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The United States private venture capital industry has entered a period of significant change and decline. The industry is rapidly becoming dramatically smaller and less able to foster the development of innovative, early stage businesses. The argument that these changes are just part of the normal business cycle is superficially appealing. In light of private venture capital’s importance to the U.S. economy, however, leaving the industry to self-adjust is not good economic policy.

Over the last 30 years, the private venture capital industry has been a primary driver for technology company creation, intellectual property commercialization and small business employment in the United States. Simultaneously, the federal government has played a strong role as a driver of basic research and intellectual property creation. The symbiotic relationship between the federal government’s encouraging invention and the private venture capital market’s financing of innovation has created new industries and commercialized a wide range of technologies.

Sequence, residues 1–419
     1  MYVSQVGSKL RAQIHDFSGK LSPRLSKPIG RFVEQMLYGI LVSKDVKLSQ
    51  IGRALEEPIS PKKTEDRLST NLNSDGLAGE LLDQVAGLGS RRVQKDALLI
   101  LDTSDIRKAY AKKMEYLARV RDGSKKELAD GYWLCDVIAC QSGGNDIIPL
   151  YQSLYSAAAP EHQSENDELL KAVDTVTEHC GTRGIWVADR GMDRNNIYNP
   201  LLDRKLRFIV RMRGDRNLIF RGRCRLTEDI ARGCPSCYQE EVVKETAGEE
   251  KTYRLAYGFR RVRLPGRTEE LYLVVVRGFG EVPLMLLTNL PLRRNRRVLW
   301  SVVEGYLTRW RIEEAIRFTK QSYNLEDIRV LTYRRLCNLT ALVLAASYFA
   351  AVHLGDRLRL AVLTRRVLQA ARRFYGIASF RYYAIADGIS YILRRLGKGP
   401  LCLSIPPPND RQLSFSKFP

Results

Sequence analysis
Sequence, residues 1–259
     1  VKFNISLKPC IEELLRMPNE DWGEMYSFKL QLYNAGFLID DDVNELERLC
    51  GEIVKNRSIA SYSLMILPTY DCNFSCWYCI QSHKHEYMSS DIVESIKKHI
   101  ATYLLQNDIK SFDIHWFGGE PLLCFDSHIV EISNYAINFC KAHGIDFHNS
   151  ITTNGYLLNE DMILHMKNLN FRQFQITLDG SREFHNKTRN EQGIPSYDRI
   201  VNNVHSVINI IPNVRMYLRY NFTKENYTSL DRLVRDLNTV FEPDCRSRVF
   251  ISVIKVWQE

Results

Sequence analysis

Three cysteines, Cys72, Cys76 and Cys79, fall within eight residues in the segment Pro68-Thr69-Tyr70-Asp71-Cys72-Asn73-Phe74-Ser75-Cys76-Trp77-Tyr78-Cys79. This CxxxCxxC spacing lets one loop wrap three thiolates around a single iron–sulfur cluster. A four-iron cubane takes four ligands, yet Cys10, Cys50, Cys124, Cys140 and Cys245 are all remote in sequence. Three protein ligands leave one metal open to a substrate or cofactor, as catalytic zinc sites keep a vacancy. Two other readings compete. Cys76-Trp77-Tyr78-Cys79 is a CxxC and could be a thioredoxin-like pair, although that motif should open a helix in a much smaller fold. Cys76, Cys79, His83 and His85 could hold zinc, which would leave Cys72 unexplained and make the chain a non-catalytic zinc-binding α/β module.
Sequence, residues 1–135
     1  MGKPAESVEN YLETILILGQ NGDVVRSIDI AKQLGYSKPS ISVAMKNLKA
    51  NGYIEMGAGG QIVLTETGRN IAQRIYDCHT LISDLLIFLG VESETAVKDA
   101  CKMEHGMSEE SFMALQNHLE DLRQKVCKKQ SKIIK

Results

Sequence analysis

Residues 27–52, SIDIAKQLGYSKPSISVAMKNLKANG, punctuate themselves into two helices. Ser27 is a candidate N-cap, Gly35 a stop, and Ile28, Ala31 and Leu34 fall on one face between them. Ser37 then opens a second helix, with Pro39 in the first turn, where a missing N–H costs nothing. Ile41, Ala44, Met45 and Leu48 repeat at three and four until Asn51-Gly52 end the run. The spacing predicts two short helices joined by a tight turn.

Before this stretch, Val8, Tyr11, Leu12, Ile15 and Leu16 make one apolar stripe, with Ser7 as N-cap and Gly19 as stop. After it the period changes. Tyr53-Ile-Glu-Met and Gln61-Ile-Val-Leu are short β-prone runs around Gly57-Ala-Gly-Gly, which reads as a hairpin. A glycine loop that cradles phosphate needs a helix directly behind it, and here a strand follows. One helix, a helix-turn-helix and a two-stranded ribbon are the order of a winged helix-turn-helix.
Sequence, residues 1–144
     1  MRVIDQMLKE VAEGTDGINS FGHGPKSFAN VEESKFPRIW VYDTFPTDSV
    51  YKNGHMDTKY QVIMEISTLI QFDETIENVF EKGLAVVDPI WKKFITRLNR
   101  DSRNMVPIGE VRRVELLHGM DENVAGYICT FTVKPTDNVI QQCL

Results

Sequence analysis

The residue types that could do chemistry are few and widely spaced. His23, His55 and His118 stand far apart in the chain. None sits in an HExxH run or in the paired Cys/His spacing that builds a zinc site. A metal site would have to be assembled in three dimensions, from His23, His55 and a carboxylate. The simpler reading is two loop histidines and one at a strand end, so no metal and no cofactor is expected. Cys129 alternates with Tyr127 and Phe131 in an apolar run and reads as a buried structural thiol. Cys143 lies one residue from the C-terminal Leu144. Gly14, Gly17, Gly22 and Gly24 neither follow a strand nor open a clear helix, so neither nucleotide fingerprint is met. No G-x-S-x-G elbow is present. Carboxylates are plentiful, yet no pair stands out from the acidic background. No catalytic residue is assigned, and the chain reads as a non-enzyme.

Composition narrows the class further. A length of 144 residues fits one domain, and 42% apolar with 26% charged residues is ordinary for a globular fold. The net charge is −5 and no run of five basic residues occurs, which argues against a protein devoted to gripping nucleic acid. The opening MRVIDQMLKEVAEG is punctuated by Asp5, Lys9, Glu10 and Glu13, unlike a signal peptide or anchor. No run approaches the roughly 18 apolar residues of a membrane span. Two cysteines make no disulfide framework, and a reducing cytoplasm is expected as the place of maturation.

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PROVIDENCE — In looking to plug the incessant drain that happens each spring when newly minted college graduates flee Rhode Island for bigger metropolises, this state might do well to take a lesson from Philadelphia, experts say.

Back in the 1990s, the City of Brotherly Love struggled with that image. Its universities were first rate and attracted students from around the world, but after graduation, the vast majority of those youngsters took flight for places like New York and Chicago.

It wasn’t that anything was wrong with Philadelphia; it just didn’t have enough to keep them there.